Keeping it Real

Hoodwinked and Bamboozled

By: Pardoned Illinois Death Row Prisoner Stanley Howard

Barring any more delays, Jon Burge’s trial is set for May 24, 2010, while new trials still elude his victims.  Burge and his cohorts tortured detainees with impunity for over 20 years.

He was eventually fired from the police department in 1993, receiving the equivalent of an early retirement with full honors, pension and benefits.  He left Chicago, seeking to live comfortably under the Florida sun, while scores of his victims were rotting in prison on Illinois death row.

I honestly thought justice would be handed out swiftly to the torture victims after his 1993 firing. But the torture scandal—one of the worst cases of police corruption in U.S. history—turned out to be a political hot button for many Chicago public officials.

No one wanted to accept responsibility for allowing a group of racist cops to run rampant in the Black community for so long, and no one wanted to be connected to the scandal in any form.  The problem should have been immediately rectified by prosecuting those involved and reviewing all of the tainted convictions they helped to obtain.

But instead of rectifying the problem, somewhere behind closed doors, the decision was made to protect those involved by lying, denying and trying to cover up the obvious.

The harder they fought to cover it up, the harder activists, lawyers, the victims and their families fought to expose thescandal and get relief for the torture victims. 

In an effort to silence the cries for justice and relief, two  special prosecutors were appointed to investigate claims of torture, Edward Egan and Robert Boyle. Their report issued in 2006 tried to hoodwink and bamboozle the public. At a press conference after the report was issued, Boyle tried to downplay the failure of the state’s attorneys to investigate the torture, saying that there was “a bit of slippage” on their part.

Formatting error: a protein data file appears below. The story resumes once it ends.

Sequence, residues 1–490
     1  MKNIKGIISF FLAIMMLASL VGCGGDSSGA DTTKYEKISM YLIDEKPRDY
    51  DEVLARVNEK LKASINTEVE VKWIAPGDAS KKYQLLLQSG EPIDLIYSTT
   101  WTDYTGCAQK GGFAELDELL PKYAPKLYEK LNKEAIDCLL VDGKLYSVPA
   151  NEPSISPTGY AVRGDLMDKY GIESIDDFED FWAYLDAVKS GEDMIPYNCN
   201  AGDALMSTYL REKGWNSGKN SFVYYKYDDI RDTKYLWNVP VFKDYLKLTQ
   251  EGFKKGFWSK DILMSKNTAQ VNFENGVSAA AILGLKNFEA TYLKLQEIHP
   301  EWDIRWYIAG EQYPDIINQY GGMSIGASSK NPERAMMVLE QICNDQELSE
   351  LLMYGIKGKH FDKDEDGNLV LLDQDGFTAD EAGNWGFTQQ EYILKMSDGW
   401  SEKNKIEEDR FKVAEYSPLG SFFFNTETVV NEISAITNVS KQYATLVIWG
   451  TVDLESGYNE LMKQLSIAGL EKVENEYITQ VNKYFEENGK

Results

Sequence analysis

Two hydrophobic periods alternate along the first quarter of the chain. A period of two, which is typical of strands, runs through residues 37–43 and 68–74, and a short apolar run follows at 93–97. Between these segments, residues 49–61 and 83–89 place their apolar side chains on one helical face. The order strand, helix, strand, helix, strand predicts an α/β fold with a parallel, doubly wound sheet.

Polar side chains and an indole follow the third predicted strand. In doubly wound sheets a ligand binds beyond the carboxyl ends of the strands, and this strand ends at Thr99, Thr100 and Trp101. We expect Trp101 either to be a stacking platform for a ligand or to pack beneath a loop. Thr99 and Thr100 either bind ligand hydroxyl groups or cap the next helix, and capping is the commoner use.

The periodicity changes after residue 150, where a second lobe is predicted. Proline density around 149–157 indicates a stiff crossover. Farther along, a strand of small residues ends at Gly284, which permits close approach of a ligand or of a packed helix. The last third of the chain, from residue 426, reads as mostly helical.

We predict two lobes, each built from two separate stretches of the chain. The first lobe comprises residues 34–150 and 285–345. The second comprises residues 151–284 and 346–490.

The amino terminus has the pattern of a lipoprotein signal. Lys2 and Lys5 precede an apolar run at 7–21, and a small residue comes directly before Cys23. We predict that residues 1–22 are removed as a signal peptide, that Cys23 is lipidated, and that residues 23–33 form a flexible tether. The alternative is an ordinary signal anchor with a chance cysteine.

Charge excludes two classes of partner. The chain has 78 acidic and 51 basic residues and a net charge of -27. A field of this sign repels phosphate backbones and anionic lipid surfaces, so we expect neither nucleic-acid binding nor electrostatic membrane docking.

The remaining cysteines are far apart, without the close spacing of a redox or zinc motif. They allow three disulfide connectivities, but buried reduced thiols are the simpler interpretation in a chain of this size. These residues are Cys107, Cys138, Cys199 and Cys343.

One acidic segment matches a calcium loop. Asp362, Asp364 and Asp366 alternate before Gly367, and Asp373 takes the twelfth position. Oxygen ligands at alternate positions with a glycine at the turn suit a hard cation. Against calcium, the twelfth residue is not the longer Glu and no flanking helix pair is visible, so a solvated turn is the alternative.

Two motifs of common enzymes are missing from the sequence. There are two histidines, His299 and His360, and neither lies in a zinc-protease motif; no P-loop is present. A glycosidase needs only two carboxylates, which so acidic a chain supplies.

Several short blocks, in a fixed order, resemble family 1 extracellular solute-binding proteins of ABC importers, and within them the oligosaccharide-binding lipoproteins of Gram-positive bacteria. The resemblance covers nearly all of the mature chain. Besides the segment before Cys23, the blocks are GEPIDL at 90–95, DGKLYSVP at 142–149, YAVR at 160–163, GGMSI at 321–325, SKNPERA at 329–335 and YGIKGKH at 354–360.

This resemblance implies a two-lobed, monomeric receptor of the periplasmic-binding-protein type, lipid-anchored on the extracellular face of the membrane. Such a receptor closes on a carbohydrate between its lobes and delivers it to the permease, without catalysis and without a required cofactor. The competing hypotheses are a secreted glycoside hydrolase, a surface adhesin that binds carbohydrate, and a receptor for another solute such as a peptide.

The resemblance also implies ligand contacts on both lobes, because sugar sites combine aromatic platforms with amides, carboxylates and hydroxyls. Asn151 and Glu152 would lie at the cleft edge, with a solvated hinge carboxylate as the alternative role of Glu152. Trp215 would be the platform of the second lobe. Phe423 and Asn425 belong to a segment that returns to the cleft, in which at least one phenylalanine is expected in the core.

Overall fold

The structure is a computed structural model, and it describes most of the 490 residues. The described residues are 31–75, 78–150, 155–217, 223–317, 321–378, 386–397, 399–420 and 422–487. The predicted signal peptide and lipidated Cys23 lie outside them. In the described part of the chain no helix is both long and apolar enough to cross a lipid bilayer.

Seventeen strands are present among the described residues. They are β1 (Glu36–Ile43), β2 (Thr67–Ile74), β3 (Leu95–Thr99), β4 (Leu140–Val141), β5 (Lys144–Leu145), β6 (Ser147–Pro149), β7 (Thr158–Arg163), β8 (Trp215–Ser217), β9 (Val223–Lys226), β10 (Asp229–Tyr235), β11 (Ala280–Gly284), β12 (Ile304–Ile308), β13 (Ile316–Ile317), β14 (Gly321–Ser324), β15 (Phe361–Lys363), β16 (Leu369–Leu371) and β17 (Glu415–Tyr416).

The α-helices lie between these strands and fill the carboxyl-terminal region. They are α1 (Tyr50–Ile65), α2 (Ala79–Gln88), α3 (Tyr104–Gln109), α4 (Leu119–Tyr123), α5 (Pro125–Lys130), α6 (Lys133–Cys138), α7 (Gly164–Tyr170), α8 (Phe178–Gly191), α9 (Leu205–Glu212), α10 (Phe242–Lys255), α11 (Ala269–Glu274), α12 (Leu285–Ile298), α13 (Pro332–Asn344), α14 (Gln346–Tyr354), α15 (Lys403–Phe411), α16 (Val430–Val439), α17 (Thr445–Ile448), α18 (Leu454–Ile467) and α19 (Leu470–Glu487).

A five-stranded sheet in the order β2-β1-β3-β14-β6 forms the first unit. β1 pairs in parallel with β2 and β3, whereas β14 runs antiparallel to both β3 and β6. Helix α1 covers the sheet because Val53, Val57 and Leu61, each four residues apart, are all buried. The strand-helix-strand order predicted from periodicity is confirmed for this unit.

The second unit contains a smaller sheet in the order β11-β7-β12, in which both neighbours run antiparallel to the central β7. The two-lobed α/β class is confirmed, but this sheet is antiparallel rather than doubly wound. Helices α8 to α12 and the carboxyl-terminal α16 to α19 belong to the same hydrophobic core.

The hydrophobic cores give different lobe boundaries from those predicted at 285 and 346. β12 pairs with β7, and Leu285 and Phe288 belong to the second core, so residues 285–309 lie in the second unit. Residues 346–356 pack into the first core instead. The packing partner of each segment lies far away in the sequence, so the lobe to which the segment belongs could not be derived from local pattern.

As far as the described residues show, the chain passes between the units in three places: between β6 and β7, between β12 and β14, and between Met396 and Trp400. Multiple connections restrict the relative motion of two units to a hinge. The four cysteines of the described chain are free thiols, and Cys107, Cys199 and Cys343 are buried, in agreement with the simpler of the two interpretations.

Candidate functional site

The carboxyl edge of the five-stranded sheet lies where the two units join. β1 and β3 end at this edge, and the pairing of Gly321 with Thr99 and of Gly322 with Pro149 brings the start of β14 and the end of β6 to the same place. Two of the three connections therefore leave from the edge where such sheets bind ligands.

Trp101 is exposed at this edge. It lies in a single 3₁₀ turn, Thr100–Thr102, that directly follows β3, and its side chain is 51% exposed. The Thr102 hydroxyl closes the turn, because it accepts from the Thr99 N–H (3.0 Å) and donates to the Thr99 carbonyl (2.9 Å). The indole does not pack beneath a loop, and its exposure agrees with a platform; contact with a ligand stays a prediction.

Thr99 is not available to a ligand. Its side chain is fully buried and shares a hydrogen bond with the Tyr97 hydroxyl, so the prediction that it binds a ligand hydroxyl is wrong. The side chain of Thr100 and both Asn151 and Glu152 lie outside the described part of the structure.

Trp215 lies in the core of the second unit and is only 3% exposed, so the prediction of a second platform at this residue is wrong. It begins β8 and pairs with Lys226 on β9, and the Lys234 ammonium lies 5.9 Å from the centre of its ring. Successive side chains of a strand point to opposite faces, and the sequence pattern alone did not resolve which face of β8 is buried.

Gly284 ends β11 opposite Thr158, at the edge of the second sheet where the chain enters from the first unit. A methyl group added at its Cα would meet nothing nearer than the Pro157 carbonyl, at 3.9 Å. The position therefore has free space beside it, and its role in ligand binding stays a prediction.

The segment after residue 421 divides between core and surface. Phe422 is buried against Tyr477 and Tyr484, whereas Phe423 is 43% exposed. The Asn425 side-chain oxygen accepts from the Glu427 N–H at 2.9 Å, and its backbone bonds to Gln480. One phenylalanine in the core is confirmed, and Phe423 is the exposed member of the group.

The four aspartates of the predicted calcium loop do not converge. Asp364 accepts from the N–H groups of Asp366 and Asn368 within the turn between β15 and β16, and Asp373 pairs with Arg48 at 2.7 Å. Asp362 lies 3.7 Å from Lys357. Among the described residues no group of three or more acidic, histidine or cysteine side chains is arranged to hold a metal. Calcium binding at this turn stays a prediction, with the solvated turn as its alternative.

Most importantly, the report concluded that “it was too late” to prosecute those involved in torturing suspects because the statue of limitations for that charge had long run out.

Egan and Boyle arrogantly thought that their findings would be the last chapter of the Chicago torture scandal, and the fight was over, but this  arrogance only energized and brought more people into the movement. 

In another attempt to silence the cries for justice and relief, after calling for a federal investigation for over 20 years, the U.S. Attorney’s Office finally decided to prosecute Burge for perjury and obstruction of justice.

“I hope that by prosecuting Burge,” said Michael Taylor who was framed in retaliation by cops connected to the Marcus Wiggins torture case. “It will lead to evidence to prosecute other cops involved and exonerate me and more torture victims.”

Here we are, 17 years after he was fired into retirement, Burge is begging for and receiving the same kind of fair trial that all of his victims were  denied.

Keeping It real: Prosecuting Burge while so many of his victims are still suffering behind bars must be some kind of cruel joke, and another way to hoodwink and bamboozle all of us.